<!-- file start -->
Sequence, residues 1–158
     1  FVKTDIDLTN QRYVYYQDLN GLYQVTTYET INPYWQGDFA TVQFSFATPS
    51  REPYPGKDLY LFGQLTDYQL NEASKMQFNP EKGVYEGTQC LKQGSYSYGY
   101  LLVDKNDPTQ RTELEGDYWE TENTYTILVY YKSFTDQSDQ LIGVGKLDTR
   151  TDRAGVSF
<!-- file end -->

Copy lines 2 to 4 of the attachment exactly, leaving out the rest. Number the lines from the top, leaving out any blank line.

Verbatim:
     1  FVKTDIDLTN QRYVYYQDLN GLYQVTTYET INPYWQGDFA TVQFSFATPS
    51  REPYPGKDLY LFGQLTDYQL NEASKMQFNP EKGVYEGTQC LKQGSYSYGY
   101  LLVDKNDPTQ RTELEGDYWE TENTYTILVY YKSFTDQSDQ LIGVGKLDTR